Senate Republicans meet with EPA’s McCarthy on regs

Republicans on the Senate Agriculture Committee met with Environmental Protection Agency (EPA) chief Gina McCarthyGina McCarthyThe media’s tactics to silence science at Trump’s EPA Overnight Energy: EPA releases ozone findings | Lawmakers come out against Perry grid plan | Kids sue Trump on climate change Congress must come to terms on climate change regulation MORE to criticize the agency’s proposal to redefine its jurisdiction under the Clean Water Act.

Senate Minority Leader Mitch McConnellAddison (Mitch) Mitchell McConnellSessions: 'We should be like Canada' in how we take in immigrants NSA spying program overcomes key Senate hurdle Overnight Finance: Lawmakers see shutdown odds rising | Trump calls for looser rules for bank loans | Consumer bureau moves to revise payday lending rule | Trump warns China on trade deficit MORE (R-Ky.), a member of the Agriculture panel, said he also used the Tuesday meeting to criticize the EPA’s carbon emissions proposal for power plants.

“The waters of the United States proposal and the agriculture interpretive rule are a source of uncertainty, anxiety and distrust for people in rural areas,” Sen. Thad Cochran (Miss.), the top Republican on the panel, said in a statement.

“This is particularly true for states like Mississippi whose economies are built on agriculture production and where landowners want the peace of mind that what they are doing is not subject to ever more regulations,” he said.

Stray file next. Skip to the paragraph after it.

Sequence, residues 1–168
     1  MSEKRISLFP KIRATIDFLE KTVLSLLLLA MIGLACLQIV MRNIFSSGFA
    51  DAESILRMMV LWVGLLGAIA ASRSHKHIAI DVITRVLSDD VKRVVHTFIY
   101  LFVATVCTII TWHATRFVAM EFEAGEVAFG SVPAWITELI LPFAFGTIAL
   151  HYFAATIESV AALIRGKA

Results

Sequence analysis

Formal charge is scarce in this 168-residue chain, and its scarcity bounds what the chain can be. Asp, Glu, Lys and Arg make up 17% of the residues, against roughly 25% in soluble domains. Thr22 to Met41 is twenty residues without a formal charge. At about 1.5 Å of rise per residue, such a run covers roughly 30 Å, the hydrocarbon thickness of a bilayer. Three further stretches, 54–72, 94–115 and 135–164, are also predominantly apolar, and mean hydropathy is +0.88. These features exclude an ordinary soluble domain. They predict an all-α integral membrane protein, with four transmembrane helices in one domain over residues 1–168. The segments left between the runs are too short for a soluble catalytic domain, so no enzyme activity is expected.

Cochran said he appreciated McCarthy’s decision to meet with the Republicans, and hoped it would spur her to withdraw the rule or rethink parts of it.

Cochran has sponsored legislation that would force the EPA to withdraw the rule. He and other Republicans fear that it would result in the EPA controlling ditches, ponds and puddles, which would make it difficult or impossible for farmers to carry out many common activities.

EPA spokeswoman Liz Purchia said McCarthy was happy to meet with the senators.

“That's why we have this comment period, which was extended until October, so we can hear directly from people about the proposed rule to protect our nation's water and we'll continue to have those conversation,” Purchia said.

She added that the waters of the United States would would not expand the EPA’s authority, and would actually benefit farmers by providing them more consistency and reliability with water regulations.

In his own statement, McConnell said he pushed McCarthy on the proposal to reduce carbon emissions from power plants. He also asked that McCarthy schedule a public hearing on the rule in eastern Kentucky.

“You know what you are doing to my home state with your carbon emissions regulations,” McConnell told McCarthy, according to the statement. “There are no nearby hearings and Kentuckians feel as though you have no intentions of hearing from them. They tell me how angry they are, angry that you have made up your mind without listening to their concerns.”

McConnell consistently blasted the proposal even before it was unveiled in June, and said it would ruin the economy of Kentucky and other coal-heavy states. He’s pushed legislation to block the proposal, which he said is part of the administration’s “war on coal.”